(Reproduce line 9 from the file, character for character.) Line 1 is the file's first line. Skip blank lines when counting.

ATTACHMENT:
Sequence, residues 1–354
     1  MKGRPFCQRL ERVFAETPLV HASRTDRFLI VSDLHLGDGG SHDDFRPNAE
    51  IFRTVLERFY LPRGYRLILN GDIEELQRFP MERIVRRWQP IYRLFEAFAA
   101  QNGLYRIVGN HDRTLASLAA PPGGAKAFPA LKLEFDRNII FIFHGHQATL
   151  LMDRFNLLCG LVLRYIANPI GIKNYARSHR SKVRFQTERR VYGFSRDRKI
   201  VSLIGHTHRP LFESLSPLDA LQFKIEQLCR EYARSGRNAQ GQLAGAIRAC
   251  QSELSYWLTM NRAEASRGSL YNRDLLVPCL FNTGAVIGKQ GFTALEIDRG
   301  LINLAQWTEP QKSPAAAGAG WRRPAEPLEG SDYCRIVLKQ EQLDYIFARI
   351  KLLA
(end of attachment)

   351  KLLA